The Portuguese Destruction Of Ancient Kilwa
Beyond the famous City of Zanzibar, lay the Ancient City Of Kilwa which was once the most important and famous of all the Swahili Trading Cities on the coast of modern Tanzania.
The City’s fame spread around the world as visitors described what they saw spread out before them as as a scene of remarkable and unique splendour.
In about the year 1200 AD, the City of Kilwa was a place of comfort and urban splendour. Its Islamic Royal Palace was one of the high points of civilized development promoted and sustained solely by Africa’s trading networks.
Founded in the 12th century, the Royal Palace Mosque was enlarged in the 15th Century with generous donations from Citizens who spent lots of gold on improvements.
However, in the year 1498, an event took place which was to lead not only to the destruction of Kilwa, but also to the destruction of the Swahili Indian Ocean Trading network all along the East African Coast.
In that year for the first time in history, 3 Portuguese ships under the command of Vasco da Gama sailed around the Cape of Good Hope and into the Indian Ocean.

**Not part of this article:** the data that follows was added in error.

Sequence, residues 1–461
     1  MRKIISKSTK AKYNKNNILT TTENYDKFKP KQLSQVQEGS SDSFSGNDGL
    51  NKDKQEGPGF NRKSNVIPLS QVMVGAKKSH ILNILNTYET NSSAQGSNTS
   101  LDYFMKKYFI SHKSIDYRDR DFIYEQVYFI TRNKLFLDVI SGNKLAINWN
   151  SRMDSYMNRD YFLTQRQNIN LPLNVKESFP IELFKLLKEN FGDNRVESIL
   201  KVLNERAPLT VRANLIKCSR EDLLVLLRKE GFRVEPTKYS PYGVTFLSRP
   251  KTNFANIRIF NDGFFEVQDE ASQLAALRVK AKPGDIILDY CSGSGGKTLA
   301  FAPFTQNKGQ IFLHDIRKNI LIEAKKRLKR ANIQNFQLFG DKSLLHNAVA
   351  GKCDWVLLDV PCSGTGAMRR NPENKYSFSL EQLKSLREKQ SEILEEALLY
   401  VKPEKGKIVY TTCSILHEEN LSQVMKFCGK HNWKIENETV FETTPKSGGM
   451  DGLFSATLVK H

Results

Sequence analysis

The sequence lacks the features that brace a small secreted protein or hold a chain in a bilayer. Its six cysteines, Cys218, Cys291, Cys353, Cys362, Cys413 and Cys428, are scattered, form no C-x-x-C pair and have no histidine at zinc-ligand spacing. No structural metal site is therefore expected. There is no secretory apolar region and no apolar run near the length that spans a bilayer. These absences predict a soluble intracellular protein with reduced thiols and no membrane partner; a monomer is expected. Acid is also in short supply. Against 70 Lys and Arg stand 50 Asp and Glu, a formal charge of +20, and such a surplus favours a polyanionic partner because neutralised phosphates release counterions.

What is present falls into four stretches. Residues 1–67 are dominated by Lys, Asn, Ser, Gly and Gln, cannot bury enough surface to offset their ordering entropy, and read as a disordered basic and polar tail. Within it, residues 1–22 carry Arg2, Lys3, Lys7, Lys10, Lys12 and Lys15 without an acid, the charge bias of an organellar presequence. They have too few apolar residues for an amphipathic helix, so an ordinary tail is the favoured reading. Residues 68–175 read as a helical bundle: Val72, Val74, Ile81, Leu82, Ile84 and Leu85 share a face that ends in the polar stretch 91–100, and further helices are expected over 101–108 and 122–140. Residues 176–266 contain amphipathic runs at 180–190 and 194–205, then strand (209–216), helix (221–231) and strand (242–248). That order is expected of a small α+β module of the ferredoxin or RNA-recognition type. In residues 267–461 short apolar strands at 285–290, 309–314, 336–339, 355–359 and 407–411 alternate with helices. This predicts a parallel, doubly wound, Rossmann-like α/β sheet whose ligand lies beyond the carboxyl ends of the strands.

When the European expedition reached home, Vasco da Gama reported his discovery of this African Pearl.
Seven years later, a much larger fleet of Ships sailed to Kilwa under the command of Admiral del Maida, accompanied by Soldiers, Calvary and Artillery.
At dawn on Thursday 24 July 1505, they stormed Kilwa’s shoreline, heading straight to the Royal Palace, and killing everyone who did not immediately surrender.
After subduing the City, the Portuguese put down the Holy Cross, Admiral dal Maida prayed and then the Portuguese began looting, plundering the town of all its merchandise and provisions.
The sack of Kilwa by the Portuguese in 1505 marked a turning point in the history of the whole East African Coast.
After the Portuguese, the Coast was siezed by the Dutch, then the English and finally the French when they took control of the entire Indian Ocean Trade.
The old Swahili Cities which had depended on the Indian Ocean Trade formerly dominated by Kilwa fell into decay, as Africa now had to suffer a long period of destructive conflict and confrontation begun by the outside world.
Sadly this process would continue until the old splendours of the African past were all but forgotten.